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Shaw v. Clipper

United States District Court, N.D. Ohio

July 16, 2019

MECO SHAW, Plaintiff,
v.
WARDEN KIMBERLY CLIPPER, et al., Defendants.

          OPINION & ORDER

          JAMES S. GWIN, UNITED STATES DISTRICT JUDGE

         Pro se Plaintiff Meco Shaw filed this in forma pauperis civil rights action on April 18, 2019, against the Ohio Department of Rehabilitation and Correction (ODRC), ODRC Director Gary Mohr, and Lorain Correctional Institution (LCI) Warden Kimberly Clipper. (Doc. No. 1). In his Complaint, Shaw alleges he is an inmate in joint custody of the Federal Bureau of Prisons and the ODRC, that his federal sentence expires in May, and that he will be transferred to LCI, where he contends he “will undoubtedly be subject to forced removal of his dreadlocks and/or disciplinary sanction” pursuant to Ohio Administrative Code § 5120-9-25(D). (Id. at 9, ¶ 17.) He seeks a declaration finding an application of § 5120-9-25(D) to him unlawful, and injunctive relief prohibiting the Defendants from cutting his dreadlocks.

         Federal district courts are expressly required to screen all in forma pauperis actions and all complaints in which prisoners seek redress from governmental defendants, and dismiss before service any such action that the court determines fails to state a claim on which relief can be granted, or seeks monetary relief from a defendant who is immune from such relief. See 28 U.S.C. §§ 1915(e)(2)(B) and 1915A; Hill v. Lappin, 630 F.3d 468, 470 (6th Cir. 2010).

         To survive a dismissal for failure to state a claim, a complaint must set forth “sufficient factual matter, accepted as true, to state a claim to relief that is plausible on its face.” Hill, 630 F.3d at 470-71 (holding “that the dismissal standard articulated in [Ashcroft v. Iqbal, 556 U.S. 662 (2009) and Bell Atlantic Corp. v. Twombly, 550 U.S. 544 (2007)] governs dismissals for failure to state a claim” under §§ 1915(e)(2)(B) and 1915A).

         In addition, federal district courts have a duty to police the boundaries of their own jurisdiction. If any at time the court determines that it lacks jurisdiction, it must dismiss the case. Fed.R.Civ.P. 12(h)(3).

         The Court finds that the Plaintiff's Complaint must be dismissed.

         Article III of the Constitution limits the jurisdiction of federal courts to “cases” and “controversies.” U.S. Const. art. III, § 2. To demonstrate that a matter presented to a federal court meets this requirement, a plaintiff must demonstrate he has standing to bring his claims. To do so, a plaintiff must show, among other things, that he suffered an “injury in fact.” Kiser v. Reitz, 765 F.3d 601, 607 (6th Cir. 2014). He must show he had suffered an injury at the time he filed his complaint that is “concrete and particularized” and “actual or imminent, not ‘conjectural' or ‘hypothetical.'” Id., citing Lujan v. Defenders of Wildlife, 504 U.S. 555, 560 (1992).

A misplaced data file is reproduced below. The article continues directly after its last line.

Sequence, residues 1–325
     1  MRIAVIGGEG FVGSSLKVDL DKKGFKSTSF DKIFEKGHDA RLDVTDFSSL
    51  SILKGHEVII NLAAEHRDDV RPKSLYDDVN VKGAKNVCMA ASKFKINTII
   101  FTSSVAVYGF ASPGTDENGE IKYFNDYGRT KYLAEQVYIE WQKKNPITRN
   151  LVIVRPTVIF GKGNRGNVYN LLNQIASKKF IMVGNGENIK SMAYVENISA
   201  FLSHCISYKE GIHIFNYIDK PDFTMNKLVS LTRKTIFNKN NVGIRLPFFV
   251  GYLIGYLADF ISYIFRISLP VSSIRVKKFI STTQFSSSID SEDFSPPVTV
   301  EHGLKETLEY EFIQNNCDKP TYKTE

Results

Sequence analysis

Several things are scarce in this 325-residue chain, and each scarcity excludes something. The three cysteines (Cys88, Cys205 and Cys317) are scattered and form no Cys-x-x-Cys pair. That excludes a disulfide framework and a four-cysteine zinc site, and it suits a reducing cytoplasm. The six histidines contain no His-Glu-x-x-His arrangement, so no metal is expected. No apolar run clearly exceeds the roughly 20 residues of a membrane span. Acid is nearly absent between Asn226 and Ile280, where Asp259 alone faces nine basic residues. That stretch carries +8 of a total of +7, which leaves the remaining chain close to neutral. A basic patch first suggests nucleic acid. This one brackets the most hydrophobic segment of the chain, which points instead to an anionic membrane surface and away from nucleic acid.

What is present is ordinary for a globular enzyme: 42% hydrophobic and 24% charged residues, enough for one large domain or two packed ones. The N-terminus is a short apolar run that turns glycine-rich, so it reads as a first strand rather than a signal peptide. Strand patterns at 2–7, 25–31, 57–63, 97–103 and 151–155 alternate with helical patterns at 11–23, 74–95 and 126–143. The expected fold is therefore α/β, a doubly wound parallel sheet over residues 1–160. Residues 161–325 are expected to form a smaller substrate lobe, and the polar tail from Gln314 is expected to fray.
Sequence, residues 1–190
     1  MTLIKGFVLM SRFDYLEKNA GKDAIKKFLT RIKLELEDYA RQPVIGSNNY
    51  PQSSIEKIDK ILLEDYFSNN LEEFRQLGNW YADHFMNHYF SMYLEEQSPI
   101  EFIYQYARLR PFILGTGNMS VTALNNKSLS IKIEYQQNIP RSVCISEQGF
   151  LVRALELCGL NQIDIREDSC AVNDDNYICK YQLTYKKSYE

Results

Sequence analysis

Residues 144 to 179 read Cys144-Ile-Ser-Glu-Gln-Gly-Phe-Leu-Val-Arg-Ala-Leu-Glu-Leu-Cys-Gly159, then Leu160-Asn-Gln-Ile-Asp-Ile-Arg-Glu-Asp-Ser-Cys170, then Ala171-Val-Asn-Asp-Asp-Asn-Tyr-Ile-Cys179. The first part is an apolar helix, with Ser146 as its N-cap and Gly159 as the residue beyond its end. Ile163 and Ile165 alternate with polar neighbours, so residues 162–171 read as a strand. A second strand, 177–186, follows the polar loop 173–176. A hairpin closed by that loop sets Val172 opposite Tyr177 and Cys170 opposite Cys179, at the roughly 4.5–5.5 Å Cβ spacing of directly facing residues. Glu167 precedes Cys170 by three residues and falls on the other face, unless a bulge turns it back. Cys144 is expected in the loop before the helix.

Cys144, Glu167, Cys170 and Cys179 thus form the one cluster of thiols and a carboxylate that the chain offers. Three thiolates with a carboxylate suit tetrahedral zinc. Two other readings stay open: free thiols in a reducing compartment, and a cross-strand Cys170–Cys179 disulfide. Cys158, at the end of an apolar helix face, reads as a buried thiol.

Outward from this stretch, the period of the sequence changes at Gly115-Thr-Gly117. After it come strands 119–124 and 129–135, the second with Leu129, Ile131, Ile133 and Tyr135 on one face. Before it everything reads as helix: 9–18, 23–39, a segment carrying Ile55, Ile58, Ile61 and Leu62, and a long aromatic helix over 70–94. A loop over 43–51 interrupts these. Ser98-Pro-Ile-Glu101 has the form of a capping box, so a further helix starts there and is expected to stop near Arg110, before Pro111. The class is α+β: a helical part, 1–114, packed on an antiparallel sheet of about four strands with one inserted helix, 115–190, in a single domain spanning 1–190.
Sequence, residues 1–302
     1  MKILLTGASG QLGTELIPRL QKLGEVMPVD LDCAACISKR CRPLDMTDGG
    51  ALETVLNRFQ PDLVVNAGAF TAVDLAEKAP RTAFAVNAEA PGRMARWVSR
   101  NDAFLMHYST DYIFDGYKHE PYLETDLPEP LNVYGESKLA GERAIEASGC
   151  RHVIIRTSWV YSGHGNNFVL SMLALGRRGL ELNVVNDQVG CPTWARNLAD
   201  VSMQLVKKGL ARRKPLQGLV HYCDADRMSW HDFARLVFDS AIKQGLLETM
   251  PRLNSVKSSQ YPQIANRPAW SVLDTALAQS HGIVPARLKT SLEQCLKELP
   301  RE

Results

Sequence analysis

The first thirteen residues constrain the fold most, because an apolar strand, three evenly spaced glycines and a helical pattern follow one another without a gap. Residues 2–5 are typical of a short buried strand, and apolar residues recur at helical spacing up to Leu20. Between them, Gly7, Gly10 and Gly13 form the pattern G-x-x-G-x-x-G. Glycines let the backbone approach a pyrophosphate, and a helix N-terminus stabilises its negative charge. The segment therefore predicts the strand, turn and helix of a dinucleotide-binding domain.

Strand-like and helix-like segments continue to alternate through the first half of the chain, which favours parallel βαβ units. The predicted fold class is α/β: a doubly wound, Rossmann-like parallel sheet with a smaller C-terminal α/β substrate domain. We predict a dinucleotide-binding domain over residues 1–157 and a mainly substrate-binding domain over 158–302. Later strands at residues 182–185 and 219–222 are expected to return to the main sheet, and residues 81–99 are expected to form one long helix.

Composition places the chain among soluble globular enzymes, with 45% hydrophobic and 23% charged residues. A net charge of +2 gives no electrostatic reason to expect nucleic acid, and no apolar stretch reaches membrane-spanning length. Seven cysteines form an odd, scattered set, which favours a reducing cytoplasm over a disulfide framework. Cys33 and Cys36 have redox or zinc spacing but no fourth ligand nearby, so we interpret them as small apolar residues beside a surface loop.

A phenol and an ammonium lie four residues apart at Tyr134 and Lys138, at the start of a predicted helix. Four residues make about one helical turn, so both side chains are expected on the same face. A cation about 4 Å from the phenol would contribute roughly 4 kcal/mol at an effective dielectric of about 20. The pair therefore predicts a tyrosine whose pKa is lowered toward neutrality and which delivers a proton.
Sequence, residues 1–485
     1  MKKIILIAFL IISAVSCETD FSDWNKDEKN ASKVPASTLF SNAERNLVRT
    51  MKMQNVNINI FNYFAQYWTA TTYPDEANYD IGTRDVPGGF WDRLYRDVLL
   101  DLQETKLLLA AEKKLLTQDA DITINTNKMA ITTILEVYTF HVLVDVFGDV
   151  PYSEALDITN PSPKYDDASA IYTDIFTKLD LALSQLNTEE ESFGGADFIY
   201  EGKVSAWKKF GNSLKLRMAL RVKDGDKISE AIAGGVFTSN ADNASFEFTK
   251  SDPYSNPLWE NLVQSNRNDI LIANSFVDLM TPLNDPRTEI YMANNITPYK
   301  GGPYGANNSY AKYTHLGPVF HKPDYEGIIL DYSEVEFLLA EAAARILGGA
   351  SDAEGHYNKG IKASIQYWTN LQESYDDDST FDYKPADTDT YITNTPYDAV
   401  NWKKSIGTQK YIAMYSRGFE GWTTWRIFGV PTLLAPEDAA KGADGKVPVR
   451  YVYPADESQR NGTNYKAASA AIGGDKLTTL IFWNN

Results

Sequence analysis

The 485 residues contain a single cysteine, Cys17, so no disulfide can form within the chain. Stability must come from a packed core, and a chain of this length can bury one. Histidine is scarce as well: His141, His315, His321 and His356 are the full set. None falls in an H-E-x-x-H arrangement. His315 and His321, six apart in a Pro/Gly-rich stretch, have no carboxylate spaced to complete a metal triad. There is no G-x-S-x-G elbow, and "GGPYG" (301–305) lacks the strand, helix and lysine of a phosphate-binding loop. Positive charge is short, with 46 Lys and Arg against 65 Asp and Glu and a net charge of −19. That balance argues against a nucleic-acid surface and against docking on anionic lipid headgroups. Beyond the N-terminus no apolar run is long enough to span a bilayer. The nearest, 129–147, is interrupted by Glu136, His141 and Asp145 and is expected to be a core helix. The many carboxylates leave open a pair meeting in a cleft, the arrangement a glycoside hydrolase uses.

The Plaintiff asserts he has “previously been to Ohio Department of Rehabilitation & Correction and [is] familiar with the § 5120-9-25(D) of the administrative code.” (Doc. No. 1-1 at 2, ¶ 5.) This statement, however, is insufficient to demonstrate he suffered a concrete and particularized injury at the time he filed his Complaint. He has not alleged that § 5120-9-25(D) has been applied to him, or facts permitting an inference that an unlawful application of the statute to him is “certainly impending.” See Kiser, 765 F.3d at 607. The Court finds the Plaintiff's action premature and subject to dismissal for lack of standing.

         Further, even assuming the Plaintiff's allegations are enough to establish constitutional standing, federal courts have held that Ohio Administrative Code § 5120-9-25, which places restrictions on hair growth for inmates, is constitutional and not in violation of the Religious Land Use and Institutionalized Persons Act. See, e.g., Pollock v. Marshall, 845 F.2d 656 (6th Cir. 1988) (hair length regulation could be constitutionally applied to inmate, even assuming inmate held sincerely and genuinely held religious belief that hair was sacred and should not be cut); Johnson v. Collins, No. 3: 07 CV 211, 2009 WL 1543811, at *4 (N.D. Ohio June 2, 2009) (Ohio Administrative Code § 5120-9-25 did not violate the Religious Land Use and Institutionalized Persons Act as applied to a Rastafarian inmate who wanted to wear his hair in dreadlocks as part of his professed religious beliefs). Accordingly, the Plaintiff's Complaint is also subject to dismissal on the basis that it fails to state a plausible federal claim.

         Conclusion

         Based on the foregoing, the Plaintiff's Complaint is dismissed pursuant to Fed.R.Civ.P. 12(h)(3) and 28 U.S.C. §§ 1915(e)(2)(B) and 1915A. The Court further certifies, pursuant to 28 U.S.C. §1915(a)(3), ...


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